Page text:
Standard & Poor's published a CreditFAQ written by Andrew Paranthoiene, Francoise Nichols, and Emelyne Uchiyama entitled, "Implications Of Negative Yields For European Money Market Funds?" yesterday. It says, "European money market funds have been coping with the prospect of near zero or negative yields for most of 2012. That's especially true for a subset of those funds, the region's government liquidity funds, which invest in high credit quality "safe haven" government debt. And following the European Central Bank's interest rate reductions effective last week -- the benchmark rate dropped to 0.75% from 1% and the deposit facility interest rate went to 0.00% from 0.25% -- all of these funds and the eurozone's financial markets are moving into uncharted territory."

The piece explains, "European government money market funds were established by the largest money market fund providers mainly in 2007 and 2008 as a "flight to quality" product for investors who were risk-averse about the European banking system. These government liquidity products offer money market investors a diversified pool of high credit quality and safety by investing in the most liquid European government securities. However, yields for safe haven assets and those sought after by euro-denominated government liquidity funds (less than one-year to maturity), like German and French six-month bills, have been close or below 0.00% since the beginning of the year."

S&P continues, "Last week we observed that German and French six-month debt sold at negative yields. Even before the ECB lowered its deposit facility rate to 0.00%, placing additional pressure on the money market industry, the prospect of negative yields for eurozone government liquidity funds was apparent. This is likely one of the main causes of the decrease in total assets of European government liquidity funds that Standard & Poor's rates. We find a 48% drop in assets so far in 2012."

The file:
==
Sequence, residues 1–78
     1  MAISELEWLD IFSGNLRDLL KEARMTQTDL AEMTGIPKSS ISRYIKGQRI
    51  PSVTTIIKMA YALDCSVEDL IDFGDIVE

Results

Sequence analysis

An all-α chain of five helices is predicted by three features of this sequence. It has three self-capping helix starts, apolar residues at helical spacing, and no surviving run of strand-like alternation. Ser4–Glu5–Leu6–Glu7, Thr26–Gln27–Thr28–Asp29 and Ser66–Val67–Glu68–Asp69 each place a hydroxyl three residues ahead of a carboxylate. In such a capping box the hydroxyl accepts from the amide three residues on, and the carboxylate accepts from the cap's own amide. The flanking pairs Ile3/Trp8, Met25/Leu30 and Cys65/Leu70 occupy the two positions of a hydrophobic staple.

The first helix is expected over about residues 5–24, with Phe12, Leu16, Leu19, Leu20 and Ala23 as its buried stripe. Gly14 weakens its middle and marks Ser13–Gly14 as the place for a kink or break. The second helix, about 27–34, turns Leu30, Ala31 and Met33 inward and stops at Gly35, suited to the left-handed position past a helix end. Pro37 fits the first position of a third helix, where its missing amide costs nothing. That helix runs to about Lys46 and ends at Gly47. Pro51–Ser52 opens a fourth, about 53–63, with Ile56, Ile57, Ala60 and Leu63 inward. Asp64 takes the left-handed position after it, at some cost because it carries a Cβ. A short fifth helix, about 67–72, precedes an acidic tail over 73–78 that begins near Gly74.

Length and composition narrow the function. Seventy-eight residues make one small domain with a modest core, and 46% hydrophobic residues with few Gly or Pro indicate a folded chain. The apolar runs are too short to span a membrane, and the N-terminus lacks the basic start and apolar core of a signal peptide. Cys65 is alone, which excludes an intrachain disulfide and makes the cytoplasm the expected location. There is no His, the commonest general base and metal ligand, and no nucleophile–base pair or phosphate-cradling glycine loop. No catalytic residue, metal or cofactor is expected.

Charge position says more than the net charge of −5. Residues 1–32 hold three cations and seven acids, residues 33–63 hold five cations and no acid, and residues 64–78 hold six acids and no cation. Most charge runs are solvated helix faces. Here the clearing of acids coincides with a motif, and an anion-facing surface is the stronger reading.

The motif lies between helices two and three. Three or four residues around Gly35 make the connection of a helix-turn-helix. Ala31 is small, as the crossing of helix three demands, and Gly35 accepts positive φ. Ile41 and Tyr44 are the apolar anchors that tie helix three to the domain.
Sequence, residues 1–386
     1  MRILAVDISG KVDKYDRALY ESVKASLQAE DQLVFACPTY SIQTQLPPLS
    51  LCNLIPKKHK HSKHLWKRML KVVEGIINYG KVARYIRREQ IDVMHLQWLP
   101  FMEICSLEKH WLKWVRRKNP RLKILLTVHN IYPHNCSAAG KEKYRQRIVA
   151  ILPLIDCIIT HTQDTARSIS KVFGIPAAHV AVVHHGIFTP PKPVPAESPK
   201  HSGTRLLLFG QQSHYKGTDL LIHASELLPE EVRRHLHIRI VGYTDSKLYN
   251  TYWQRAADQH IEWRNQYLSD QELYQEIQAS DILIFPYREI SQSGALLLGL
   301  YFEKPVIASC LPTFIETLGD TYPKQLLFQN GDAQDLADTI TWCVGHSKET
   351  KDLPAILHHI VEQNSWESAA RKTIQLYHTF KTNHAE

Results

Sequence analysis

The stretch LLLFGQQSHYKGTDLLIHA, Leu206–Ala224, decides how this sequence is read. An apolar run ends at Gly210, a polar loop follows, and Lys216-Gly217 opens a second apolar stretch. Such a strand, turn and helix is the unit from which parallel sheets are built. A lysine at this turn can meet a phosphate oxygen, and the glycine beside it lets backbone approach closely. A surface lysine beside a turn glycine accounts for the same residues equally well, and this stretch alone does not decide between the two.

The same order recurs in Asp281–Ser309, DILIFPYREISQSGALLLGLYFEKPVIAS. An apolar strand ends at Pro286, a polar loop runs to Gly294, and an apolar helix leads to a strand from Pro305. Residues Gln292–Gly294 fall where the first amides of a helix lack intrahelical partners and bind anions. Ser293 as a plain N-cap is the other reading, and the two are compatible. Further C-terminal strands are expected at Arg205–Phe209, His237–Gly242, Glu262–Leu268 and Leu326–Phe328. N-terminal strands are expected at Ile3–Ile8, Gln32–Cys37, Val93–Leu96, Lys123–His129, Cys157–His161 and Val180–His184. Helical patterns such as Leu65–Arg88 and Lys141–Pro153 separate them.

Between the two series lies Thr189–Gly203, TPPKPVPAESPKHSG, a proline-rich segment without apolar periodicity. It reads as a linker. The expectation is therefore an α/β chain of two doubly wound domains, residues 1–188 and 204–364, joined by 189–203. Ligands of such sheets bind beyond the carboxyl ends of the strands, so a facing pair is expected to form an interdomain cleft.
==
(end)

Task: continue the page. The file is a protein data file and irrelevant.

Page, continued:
It adds, "As a result of the 0.00% deposit rate, Standard & Poor's Ratings Services believes that there is an increased likelihood that negative yields on individual money market investments in the European Economic and Monetary Union (EMU or eurozone) may accumulate to produce a negative return to money market funds. This in turn would increase the likelihood of lower net asset values (NAV) per share for euro-denominated money market funds. Although money market fund yields are lagging official interest rates, persistently low to negative yields on money market funds may lead investors to redeem their shares, possibly placing additional strain on these funds. Such developments could be credit-negative for our principal stability fund ratings (PSFR) on these funds."

S&P states, "If these conditions continue or possibly even worsen should the ECB lower rates further in September, fund providers may assess the viability of these products. If they decide to close these funds, it will further reduce the amount of investment choices available to investors. In recent days, European money market fund providers have taken practical steps to protect their funds from yield dilution. This is either through implementing "soft closes," meaning that the funds are closed to subscriptions from external investors, while certain existing shareholders can continue to invest; or through "hard closes," meaning no new investment by any type of shareholders. Closing a fund to subscriptions reduces the need to invest new money at lower or negative yields, which would further deteriorate a fund's overall yield. According to our analysis, money market fund closures have reached E79 billion out of a total euro-denominated rated asset pool of E133 billion to date. Other euro-denominated money market funds have taken a different view and remain open but cautious about evolving market conditions."

Finally, the piece comments, "Another option available to managers is reassessing their current investment mandate to possibile increase duration or venture into other asset classes. However, this option may have limited attractiveness for now given uncertainties in the eurozone. As securities in the portfolios mature, it is already becoming increasingly difficult for investment managers to find suitable investment opportunities in a negative yield environment."

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